5
$\begingroup$

I'm trying to calculate time-weighted Pearson correlation as described in https://www.aaai.org/ocs/index.php/FLAIRS/FLAIRS14/paper/viewFile/7817/7840 The coefficient is given by $$ \rho_t(X,Y) = \left ( \frac{1-r}{1-r^N} \right ) \sum_{i=0}^{N} r^{i-1} \frac{(x_{-i} - \mu_X)(y_{-i} - \mu_Y)}{\sigma_X\sigma_Y}, $$ where $N+1$ is the number of observations, $t=0,1,...,N$ indicates time period when the coefficient is calculated ($t = N$ in my case, i.e. I'm calculating the correlation based on full sample), $\sigma_X$, $\mu_X$, $x_{-i}$ denote standard deviation, expectation, and the $i$th latest observation in $X$ respectively, $r$ is the decay constant, equal to a real number less than 1.

My problem is that $\rho_t(X,X) \neq 1$ when calculating it based on the formula above. Below is an example of how I calculate it in R.

set.seed(314)
N <- 1000
x <- cumsum(rnorm(N+1)) # random walk

cor(x, x) # Pearson correlation
# Result is 1

r <- 0.998
sigma <- sd(x)
mu <- mean(x)

(1 - r)/(1 - r^N) * sum( r^(0:N-1) * (x - mu)^2/sigma^2 ) # rho_t(x, x)
# Result is 1.171462

Please correct me if I have a bug in my code or suggest how I should modify the formula if it contains a mistake (my gut feeling says that the normalization might be wrong).

$\endgroup$
2
  • 1
    $\begingroup$ (+1) That paper's claims about the mathematical properties of $\rho_t$ are untrue. If you would like a formula in which $\rho_t$ is assured of lying between $-1$ and $1$, and actually equals those values when there's perfect correlation, then you also need to compute weighted versions of $\sigma_X$ and $\sigma_Y$ using the same weights. (It hardly makes sense to use unweighted estimates of standard deviations for a weighted estimate of correlation in the first place.) You might even want to use weighted estimates of the means $\mu_X$ and $\mu_Y$. $\endgroup$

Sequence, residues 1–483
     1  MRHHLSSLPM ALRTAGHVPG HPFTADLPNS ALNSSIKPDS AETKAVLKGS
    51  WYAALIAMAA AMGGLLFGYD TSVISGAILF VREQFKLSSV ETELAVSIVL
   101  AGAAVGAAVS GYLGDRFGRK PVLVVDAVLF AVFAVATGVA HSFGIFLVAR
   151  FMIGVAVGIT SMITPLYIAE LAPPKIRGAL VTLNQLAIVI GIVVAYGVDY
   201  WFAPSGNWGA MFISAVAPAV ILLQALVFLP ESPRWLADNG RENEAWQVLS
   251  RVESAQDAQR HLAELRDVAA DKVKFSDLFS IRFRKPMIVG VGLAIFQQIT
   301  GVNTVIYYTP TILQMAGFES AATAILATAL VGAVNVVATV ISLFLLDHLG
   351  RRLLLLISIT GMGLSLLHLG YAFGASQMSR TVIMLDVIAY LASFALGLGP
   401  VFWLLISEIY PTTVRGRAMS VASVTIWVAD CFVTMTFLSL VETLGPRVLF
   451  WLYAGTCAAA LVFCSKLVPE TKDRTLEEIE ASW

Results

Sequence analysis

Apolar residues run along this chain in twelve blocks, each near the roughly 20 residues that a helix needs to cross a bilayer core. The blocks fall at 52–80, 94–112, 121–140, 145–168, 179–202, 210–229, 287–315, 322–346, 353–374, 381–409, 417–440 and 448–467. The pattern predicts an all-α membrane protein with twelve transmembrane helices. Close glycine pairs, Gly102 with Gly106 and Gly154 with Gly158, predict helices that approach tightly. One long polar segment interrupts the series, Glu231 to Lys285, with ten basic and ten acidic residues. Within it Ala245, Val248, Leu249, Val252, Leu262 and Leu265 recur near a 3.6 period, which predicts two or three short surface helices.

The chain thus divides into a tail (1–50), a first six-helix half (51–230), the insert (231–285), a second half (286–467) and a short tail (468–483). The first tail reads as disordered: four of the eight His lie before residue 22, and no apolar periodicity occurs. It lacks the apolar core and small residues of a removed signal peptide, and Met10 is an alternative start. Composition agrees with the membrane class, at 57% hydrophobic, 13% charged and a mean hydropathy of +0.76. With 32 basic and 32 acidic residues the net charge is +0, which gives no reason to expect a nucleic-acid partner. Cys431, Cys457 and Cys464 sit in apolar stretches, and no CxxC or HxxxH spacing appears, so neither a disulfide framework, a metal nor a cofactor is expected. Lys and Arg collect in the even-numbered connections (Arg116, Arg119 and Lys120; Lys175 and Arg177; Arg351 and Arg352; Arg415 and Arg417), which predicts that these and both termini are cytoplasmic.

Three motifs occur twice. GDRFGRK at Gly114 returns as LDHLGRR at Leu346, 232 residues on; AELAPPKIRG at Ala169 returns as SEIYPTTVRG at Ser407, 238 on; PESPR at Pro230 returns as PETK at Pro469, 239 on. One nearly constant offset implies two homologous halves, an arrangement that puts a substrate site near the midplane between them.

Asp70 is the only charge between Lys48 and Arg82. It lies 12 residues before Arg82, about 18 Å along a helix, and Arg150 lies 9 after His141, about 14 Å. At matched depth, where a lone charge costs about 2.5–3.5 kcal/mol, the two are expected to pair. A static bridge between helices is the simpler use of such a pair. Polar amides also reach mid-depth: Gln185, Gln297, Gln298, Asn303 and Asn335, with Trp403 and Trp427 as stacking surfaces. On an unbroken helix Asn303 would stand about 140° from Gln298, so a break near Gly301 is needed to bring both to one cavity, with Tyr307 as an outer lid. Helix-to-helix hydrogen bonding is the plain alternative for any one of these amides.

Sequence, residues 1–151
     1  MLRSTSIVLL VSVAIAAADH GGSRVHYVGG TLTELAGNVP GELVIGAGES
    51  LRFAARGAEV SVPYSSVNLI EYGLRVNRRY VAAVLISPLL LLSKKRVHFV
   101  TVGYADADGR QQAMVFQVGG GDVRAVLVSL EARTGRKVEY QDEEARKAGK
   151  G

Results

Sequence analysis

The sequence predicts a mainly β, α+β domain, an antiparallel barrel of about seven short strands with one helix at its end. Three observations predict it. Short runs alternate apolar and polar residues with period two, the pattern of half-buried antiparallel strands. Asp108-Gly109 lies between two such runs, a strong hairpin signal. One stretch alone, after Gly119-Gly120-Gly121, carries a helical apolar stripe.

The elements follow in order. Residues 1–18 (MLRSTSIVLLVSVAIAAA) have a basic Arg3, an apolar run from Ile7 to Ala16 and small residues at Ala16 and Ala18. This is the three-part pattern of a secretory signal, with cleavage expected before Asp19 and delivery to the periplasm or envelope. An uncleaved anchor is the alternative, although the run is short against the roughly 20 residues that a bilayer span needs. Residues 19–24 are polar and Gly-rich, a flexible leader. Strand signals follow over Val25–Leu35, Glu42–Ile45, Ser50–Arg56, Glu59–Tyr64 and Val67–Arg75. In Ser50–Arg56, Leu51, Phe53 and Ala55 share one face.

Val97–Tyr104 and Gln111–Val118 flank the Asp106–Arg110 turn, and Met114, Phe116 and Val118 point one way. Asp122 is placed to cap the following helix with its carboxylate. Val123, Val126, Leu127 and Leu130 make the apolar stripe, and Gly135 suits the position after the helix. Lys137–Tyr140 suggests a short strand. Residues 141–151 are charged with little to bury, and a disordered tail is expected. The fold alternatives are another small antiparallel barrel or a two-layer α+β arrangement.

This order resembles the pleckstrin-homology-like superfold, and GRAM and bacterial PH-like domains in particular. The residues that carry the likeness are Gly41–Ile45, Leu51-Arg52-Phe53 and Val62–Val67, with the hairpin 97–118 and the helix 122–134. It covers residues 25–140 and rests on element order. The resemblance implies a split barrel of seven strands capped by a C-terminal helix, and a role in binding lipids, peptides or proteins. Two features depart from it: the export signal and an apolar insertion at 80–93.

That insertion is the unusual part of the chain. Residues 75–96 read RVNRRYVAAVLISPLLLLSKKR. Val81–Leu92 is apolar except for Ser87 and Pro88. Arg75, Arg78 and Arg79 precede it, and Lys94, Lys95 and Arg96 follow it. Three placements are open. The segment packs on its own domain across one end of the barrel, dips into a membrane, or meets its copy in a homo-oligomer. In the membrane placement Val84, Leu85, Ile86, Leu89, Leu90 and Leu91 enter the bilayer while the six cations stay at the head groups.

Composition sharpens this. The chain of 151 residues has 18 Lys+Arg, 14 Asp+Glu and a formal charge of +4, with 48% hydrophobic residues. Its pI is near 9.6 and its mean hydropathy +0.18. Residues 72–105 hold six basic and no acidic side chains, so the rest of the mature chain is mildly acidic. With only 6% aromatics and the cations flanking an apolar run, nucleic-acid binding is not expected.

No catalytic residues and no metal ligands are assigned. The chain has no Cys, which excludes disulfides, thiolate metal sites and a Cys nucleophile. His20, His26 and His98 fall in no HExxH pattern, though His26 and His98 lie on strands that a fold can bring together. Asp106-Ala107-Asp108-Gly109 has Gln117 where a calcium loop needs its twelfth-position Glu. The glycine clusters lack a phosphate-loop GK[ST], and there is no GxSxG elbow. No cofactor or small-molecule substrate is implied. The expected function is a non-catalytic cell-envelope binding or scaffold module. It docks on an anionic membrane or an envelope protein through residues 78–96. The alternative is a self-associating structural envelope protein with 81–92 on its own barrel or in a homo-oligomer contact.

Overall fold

– whuber
    Apr 14, 2016 at 17:03
  • $\begingroup$ Please post your comment as an answer and I'll accept it. $\endgroup$
    – Jebus
    Apr 14, 2016 at 20:21

1 Answer 1

2
$\begingroup$

Answered in comments by whuber, copied here:

That paper's claims about the mathematical properties of $\rho_t$ are untrue. If you would like a formula in which $\rho_t$ is assured of lying between −1 and 1, and actually equals those values when there's perfect correlation, then you also need to compute weighted versions of $\sigma_X$ and $\sigma_Y$ using the same weights. (It hardly makes sense to use unweighted estimates of standard deviations for a weighted estimate of correlation in the first place.) You might even want to use weighted estimates of the means $\mu_X$ and $\mu_Y$.

$\endgroup$

Your Answer

By clicking “Post Your Answer”, you agree to our terms of service and acknowledge you have read our privacy policy.

Not the answer you're looking for? Browse other questions tagged or ask your own question.